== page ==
]]>Consider a board as below, with two distinct non-zero integers *m* and *n* “thrown” onto it. At the beginning of the game, Dumbledore, as the impartial referee, will provide *m* and *n*. Then, there will be a toss to decide who gets to make the first move. The winner of the toss can either make the first move himself or invite his opponent to make the first move.

When his turn comes, each player has to introduce a new positive integer onto the board such that it is the difference between any two existing integers on the board.

For example:

First move: Player 1 would introduce *k = |m – n|*

Second move: Player 2 would introduce either *x = |m – k|* or *y = |n – k|*

Third move: (Assuming that Player 2 introduced *x** = |m – k|* in the second move) Player 1 introduces either *u = |m – x|* or *v = |n – x|* or *w = |k – x|* or *y = |n – k|*

Fourth move: Player 2 introduces…

and so on…

The game goes on like this and concludes only when one of the players finds it impossible to introduce any more new numbers to the board; the other player thus wins.

Well, now, the stage is set. Dumbledore has provided *m* and *n*. Harry has won the toss!

Can you help Harry ensure that he wins the game? Who should make the first move and why?

]]>***

(2)

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(3)

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**Bonus question:** Can you connect image (1) to image (4) below?

(4)

]]>Of the following strategies, which has the highest chance of winning in the n-door problem (n > 3)?

- Stick with your initial choice till the very end without switching
- Stick with your initial choice till the end and switch only at the last stage
- Switch your choice at the very beginning and stick with this new door till the very end without switching again
- Switch at every possible stage

For those who are already familiar with the 3-door problem, strategy 4 might intuitively seem to be the best strategy. However, that is not the case!

Consider n doors as follows: C, G_{1}, G_{2}, …, G_{n-1}

**Assertion 1:** The door we choose at the first stage is C (the “car door”) with probability 1/n, while it is a G_{x} (one of the “goat doors”) with probability (n – 1)/n.

**Strategy 1: ***Stick with your initial choice till the very end without switching*

This strategy is equivalent to simply picking a door uniformly at random. Hence, it is trivially true that the probability of picking C (i.e. probability of winning the car) is **1/n**.

**Strategy 2:** *Stick with your initial choice till the end and switch only at the last stage*

This strategy is interesting. At every stage except the last one, Monty Hall will go ahead and show us one of the goat doors. That is, out of a total of (n – 1) goat doors, we are shown (n – 2). Hence, the unopened door at the last stage and the door we chose at the first stage are the only two mystery doors to us! One of these contains the car, while the other contains a goat. As we can see, by waiting till the last stage, we maximized our own information content.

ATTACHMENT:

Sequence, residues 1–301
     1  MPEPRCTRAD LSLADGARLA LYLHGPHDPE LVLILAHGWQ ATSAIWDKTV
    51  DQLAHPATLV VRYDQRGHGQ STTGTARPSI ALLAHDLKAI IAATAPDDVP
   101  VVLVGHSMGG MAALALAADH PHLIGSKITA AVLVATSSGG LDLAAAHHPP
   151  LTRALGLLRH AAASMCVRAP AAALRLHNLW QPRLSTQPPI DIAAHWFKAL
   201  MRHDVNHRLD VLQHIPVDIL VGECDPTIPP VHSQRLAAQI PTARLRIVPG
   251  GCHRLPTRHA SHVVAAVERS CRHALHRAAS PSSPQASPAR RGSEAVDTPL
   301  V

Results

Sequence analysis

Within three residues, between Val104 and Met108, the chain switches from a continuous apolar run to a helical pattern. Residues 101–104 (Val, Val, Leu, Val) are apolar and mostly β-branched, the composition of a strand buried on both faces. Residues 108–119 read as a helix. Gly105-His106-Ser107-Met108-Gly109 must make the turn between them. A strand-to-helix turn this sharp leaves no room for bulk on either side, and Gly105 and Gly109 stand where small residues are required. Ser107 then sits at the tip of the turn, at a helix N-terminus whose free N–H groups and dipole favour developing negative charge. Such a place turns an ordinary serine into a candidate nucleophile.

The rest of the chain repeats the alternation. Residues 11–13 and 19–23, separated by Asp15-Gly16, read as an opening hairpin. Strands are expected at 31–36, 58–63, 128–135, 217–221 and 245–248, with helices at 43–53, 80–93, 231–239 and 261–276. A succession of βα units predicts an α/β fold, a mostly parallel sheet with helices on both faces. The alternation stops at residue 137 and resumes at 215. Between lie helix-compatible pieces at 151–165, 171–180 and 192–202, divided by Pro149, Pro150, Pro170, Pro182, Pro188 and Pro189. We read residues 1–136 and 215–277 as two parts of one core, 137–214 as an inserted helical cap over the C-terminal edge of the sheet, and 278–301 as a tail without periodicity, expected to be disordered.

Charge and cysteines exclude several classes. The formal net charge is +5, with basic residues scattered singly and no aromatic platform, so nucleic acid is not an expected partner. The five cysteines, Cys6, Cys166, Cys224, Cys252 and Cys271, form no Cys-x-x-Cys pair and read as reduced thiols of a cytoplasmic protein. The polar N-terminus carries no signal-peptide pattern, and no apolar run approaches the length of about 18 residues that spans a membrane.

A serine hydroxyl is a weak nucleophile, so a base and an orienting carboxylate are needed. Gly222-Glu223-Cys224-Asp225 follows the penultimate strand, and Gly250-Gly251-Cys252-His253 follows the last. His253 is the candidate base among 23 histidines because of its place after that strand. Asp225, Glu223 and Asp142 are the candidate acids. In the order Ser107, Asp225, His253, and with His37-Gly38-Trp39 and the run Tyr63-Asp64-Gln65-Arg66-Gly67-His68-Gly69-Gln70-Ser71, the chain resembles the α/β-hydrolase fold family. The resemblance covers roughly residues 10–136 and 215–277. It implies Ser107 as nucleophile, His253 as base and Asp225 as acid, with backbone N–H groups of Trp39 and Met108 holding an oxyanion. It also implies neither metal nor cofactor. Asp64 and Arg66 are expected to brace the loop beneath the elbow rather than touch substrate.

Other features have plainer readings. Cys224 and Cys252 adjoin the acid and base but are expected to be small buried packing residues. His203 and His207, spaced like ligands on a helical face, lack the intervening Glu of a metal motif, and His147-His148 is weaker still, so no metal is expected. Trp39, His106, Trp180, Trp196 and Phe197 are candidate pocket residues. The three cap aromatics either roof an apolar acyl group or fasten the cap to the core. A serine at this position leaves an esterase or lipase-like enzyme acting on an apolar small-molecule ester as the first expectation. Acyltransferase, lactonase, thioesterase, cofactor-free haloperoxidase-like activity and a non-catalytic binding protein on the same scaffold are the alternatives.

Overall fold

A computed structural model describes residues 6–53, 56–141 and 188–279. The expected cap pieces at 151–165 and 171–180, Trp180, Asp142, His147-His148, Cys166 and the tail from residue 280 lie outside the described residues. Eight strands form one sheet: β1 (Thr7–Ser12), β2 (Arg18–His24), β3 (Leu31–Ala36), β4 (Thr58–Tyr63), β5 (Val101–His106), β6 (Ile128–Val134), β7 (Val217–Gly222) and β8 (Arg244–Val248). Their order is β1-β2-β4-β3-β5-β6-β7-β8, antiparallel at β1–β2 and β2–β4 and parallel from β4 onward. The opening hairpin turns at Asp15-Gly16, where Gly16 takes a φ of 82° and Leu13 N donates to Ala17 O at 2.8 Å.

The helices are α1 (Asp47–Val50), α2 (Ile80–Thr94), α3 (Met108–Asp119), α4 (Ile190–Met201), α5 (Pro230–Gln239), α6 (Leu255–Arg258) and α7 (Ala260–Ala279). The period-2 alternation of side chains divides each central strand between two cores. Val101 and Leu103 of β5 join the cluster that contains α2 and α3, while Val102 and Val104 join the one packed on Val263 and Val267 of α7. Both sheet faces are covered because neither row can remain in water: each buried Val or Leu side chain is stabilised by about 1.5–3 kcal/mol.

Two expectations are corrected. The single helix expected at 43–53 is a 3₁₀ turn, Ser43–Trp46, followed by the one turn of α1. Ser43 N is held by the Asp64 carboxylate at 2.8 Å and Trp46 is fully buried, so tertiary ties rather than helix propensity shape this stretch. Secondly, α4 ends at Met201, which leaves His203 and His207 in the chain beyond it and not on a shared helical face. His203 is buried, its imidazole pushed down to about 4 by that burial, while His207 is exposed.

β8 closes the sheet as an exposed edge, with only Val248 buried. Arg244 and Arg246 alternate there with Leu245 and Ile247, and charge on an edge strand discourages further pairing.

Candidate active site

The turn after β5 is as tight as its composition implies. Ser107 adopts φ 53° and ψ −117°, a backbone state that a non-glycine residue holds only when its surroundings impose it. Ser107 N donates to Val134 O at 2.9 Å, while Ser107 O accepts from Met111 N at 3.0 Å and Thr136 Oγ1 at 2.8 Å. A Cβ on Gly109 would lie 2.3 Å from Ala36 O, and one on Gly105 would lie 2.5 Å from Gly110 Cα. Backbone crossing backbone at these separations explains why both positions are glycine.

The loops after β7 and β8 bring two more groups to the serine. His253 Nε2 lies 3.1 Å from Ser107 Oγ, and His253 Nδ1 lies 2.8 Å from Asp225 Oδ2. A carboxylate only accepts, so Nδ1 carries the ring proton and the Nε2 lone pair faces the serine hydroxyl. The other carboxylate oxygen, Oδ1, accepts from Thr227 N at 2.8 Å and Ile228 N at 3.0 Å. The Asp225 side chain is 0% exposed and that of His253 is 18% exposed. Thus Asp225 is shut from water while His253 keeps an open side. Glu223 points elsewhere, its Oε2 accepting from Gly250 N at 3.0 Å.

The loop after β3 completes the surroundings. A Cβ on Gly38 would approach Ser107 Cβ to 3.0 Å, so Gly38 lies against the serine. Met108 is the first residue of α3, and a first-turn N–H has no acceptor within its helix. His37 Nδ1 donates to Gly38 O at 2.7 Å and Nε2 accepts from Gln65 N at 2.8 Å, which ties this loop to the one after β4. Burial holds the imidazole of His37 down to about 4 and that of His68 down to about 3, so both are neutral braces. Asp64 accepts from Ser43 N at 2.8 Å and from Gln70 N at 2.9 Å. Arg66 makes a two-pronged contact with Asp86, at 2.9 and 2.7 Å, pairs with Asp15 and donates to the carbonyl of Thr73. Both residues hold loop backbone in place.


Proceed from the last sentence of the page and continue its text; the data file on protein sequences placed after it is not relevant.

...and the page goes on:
If the door we chose at the first stage is C, then according to this strategy, we definitely lose — because the other mystery door (to which we have to switch) then contains a goat.

However, if we chose a G_{x} at the first stage, then we *always* win! Because the other mystery door (to which we have to switch) then contains the car.

Therefore, the probability of winning with this strategy is *(probability of choosing a G _{x} at the first stage) * 1*. From Assertion 1, this equals

**Strategy 3:** *Switch your choice at the very beginning and stick with this new door till the very end without switching again*

According to this strategy, we choose a door at the first stage and switch our choice at the second stage. Thereafter, we stick to the door that we chose at the second stage, till the end of the game.

If the door we chose at the first stage is C, then we definitely lose — because we would switch to a goat door at the second stage and stick with it thereafter.

So, we could win only if we chose a G_{x} at the first stage. However, merely choosing a G_{x} at the first stage does not mean we always win. After the first stage, Monty shows us one of the goat doors. This still leaves (n – 2) other doors (excluding our initial choice) as a mystery to us. So, we will switch to one of the remaining (n – 2) doors uniformly at random. So, the probability of switching to C is 1/(n – 2).

Therefore, the probability of winning with this strategy is *(probability of choosing a G _{x} at the first stage) * 1/(n – 2)*. Hence, It follows (from Assertion 1) that the probability of winning with this strategy is (n – 1)/(n (n – 2)) or

**Strategy 4:** *Switch at every possible stage*

In this strategy, we keep hopping from one door to another door at every stage. In this approach, the only way to win is by switching to C at the (n – 1)th stage, no matter which doors we have switched to up until then. The only thing that matters is whether we are able to switch to C at the last stage. This can happen if and only if we are at a G_{x} at the (n – 2)th stage.

It is obvious that by the time we reach the last stage, Monty would have revealed all but one goat door. So, we’ll be left with two doors — one goat door (i.e. some G_{x}) and C. Hence, it is clear that we *will* win if we are at the solitary goat door at the end of the (n – 2)th stage.